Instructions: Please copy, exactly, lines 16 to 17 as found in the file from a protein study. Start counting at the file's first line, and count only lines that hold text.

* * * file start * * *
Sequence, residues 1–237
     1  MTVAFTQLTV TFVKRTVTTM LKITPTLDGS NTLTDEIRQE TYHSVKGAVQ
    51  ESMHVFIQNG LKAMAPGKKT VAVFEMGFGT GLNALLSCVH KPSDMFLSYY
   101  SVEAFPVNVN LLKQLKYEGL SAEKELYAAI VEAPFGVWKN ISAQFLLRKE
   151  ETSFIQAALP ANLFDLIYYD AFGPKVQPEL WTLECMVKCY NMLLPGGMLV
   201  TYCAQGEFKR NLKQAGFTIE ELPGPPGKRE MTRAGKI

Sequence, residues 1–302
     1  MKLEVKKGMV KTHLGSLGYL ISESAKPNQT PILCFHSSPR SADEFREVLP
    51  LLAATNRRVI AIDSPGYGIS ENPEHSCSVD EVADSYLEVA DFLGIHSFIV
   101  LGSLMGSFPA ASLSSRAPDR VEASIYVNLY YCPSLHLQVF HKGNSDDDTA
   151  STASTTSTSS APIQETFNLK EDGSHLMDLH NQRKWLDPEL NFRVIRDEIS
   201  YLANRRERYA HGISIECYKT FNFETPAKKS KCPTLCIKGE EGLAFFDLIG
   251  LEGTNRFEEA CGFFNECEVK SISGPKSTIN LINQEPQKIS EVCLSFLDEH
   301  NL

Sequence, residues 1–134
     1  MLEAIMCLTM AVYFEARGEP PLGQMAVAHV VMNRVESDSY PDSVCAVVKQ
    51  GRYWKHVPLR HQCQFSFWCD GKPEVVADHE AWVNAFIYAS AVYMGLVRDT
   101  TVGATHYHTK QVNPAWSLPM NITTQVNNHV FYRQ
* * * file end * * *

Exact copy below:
     1  MLEAIMCLTM AVYFEARGEP PLGQMAVAHV VMNRVESDSY PDSVCAVVKQ
    51  GRYWKHVPLR HQCQFSFWCD GKPEVVADHE AWVNAFIYAS AVYMGLVRDT